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Let the tills ring out for Christmas

Let the tills ring out for Christmas

Brands and retailers should not rule out last-minute Christmas marketing campaigns to people in more affluent areas of Britain, according to consumer data analysis unveiled by Acxiom today.

The marketing services firm has used its Affordability household finance database to create a ‘generosity index’, showing which parts of the country will fork out high percentages of their discretionary income* and which will spend much less than they could afford on the festive season.

from the North East and South West of England will lead the generosity stakes this Christmas, as they are set to splash out the highest proportion of their income on the festive season – while consumers in London and the South East are staying well within their means.

The analysis reveals that people in the areas at the lower end of the generosity scale (see tables and map below for more information) generally live in locations in London and the South East of England, and enjoy higher-than-average incomes, but are not spending high proportions of their discretionary income. This gives retailers and brands targeting people in these areas an opportunity.

These individuals are forecasted to spend conservatively relative to their high discretionary incomes and could potentially be persuaded to part with more of their spare cash if targeted in the right way with marketing campaigns and promotions.

Meanwhile, people living in areas at the top end of the ranking are more likely to have lower-than-average incomes. However, they are set to spend more than their discretionary income should allow at Christmas, meaning:

• They have saved up for several months in order to pay for the Christmas they feel their loved ones deserve; or

• They will overspend and be more exposed to debt problems in the new year. The latter finding is important for financial services companies.

Certain areas of the country are clearly going to overstretch themselves, and some households will be tipped into or face higher debt following their Christmas spending. It will be important for credit providers to know where those debt hotspots are likely to spring up, as people attempt to manage the extra pressure on their finances.

The full study, called Affording Christmas 2011: The Scrooge Report, ranks more than 100 postcode areas in England, Scotland and Wales in terms of their festive generosity. Unlike other surveys which predict an average monetary figure that British consumers are expected to splash out on Christmas gifts, the report shows which areas will overstretch themselves and which could be persuaded to spend more.

The report reveals that Sunderland, Truro and Plymouth are the top three locations where people will spend the highest proportion of their income on family and friends. Households in the Sunderland postal area will spend nearly one and a half times their available discretionary income (149%) - more than twice the national average figure of 64% of discretionary income being spent on Christmas.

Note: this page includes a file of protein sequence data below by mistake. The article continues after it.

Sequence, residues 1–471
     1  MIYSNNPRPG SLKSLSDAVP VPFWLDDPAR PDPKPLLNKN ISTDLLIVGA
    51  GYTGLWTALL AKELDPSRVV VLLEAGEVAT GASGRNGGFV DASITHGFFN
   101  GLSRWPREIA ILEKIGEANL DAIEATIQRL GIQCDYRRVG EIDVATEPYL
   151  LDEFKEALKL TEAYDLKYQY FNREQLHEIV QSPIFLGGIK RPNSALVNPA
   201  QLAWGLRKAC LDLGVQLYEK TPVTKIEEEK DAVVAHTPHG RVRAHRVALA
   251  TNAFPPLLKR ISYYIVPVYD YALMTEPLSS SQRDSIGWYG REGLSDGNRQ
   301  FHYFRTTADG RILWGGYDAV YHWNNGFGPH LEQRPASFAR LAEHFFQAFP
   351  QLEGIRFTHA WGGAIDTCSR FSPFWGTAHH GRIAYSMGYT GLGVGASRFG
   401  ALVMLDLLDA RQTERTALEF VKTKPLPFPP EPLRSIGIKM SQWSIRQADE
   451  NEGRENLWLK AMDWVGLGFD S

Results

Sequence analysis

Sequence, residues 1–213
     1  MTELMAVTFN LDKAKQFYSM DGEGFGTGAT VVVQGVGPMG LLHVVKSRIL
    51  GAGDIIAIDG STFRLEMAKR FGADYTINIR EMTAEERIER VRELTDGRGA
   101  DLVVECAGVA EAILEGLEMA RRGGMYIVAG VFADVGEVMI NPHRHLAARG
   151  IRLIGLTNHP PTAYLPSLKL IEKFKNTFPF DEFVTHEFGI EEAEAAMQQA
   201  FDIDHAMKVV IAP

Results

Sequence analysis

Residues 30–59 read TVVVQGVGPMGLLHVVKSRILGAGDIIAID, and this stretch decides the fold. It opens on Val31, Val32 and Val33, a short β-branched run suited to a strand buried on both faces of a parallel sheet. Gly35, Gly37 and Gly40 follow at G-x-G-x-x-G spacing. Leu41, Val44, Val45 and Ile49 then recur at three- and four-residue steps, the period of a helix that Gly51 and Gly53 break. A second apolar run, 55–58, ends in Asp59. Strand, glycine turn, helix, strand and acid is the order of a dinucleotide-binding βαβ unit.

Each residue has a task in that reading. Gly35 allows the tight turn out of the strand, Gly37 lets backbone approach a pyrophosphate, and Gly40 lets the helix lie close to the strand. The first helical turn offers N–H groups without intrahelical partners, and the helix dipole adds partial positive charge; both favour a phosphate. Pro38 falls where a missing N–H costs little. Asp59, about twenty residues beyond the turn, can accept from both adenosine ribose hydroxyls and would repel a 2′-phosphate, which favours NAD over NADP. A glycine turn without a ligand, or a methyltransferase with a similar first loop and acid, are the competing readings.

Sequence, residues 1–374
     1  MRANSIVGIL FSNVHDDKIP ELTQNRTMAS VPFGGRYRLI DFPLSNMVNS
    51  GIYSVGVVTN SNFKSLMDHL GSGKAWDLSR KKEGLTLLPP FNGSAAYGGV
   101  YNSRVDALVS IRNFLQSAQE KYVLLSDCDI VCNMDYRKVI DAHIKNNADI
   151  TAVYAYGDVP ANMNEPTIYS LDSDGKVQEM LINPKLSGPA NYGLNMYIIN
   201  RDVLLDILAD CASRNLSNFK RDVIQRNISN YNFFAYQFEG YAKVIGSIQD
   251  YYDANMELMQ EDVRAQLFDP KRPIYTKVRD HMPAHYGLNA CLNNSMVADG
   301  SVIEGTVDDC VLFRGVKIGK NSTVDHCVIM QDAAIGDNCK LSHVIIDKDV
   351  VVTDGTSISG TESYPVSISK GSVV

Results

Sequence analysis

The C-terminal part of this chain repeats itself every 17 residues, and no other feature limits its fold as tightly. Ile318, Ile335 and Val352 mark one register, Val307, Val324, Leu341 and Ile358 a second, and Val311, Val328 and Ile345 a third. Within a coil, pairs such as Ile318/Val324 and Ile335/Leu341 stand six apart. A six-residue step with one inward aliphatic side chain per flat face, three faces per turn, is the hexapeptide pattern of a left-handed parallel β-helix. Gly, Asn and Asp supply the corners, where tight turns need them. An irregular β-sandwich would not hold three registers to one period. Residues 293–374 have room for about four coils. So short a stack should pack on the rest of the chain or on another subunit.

Similarly, Truro folk will spend 145% of their monthly discretionary budget and Plymouth residents 134%. In the North East, Teesside, Durham, Newcastle, Hull and Darlington make the top 20. In the South West, Exeter, Torquay and Taunton are also among the ‘most generous’ places.

Meanwhile, the ‘Scrooges’ - those locations spending the lowest proportion of their discretionary income - are dominated by London and the Home Counties. Their predicted outlay is less than half what they could afford. Several areas of affluent Surrey - including Guildford where the prediction is that 31% of discretionary income will be spent, and Redhill (34%) - are in the bottom 10.

Similarly, friends and relatives of people in St. Albans (29%) and Slough (30%) should not expect the most extravagant gifts possible this Christmas. Residents of certain areas of England’s capital city will also under-spend. West London (29%) and South West London (30%) make the bottom five with both locations forecasted to spend modestly this Christmas relative to their high levels of discretionary income.

Murray Dudgeon, Acxiom Europe’s head of client services, said: “Whilst we are living in difficult economic times, our analysis has pinpointed the areas where people won’t necessarily spend what they could afford – leaving brands and retailers the opportunity to target these consumers in a bid to get them to part with more of their money in the run-up to Christmas. The study also shows parts of the country where people are prepared to spend over and above what their discretionary households budgets should allow, to give their loved ones the Christmas they desire.”

*Acxiom’s Affordability discretionary income measure is the amount of money each household has to spend every month after meeting legal obligations, such as mortgage/rent, Council Tax, utility bills, loans and school fees, as well as what the household spends on maintaining an acceptable standard of living, such as food and entertainment.

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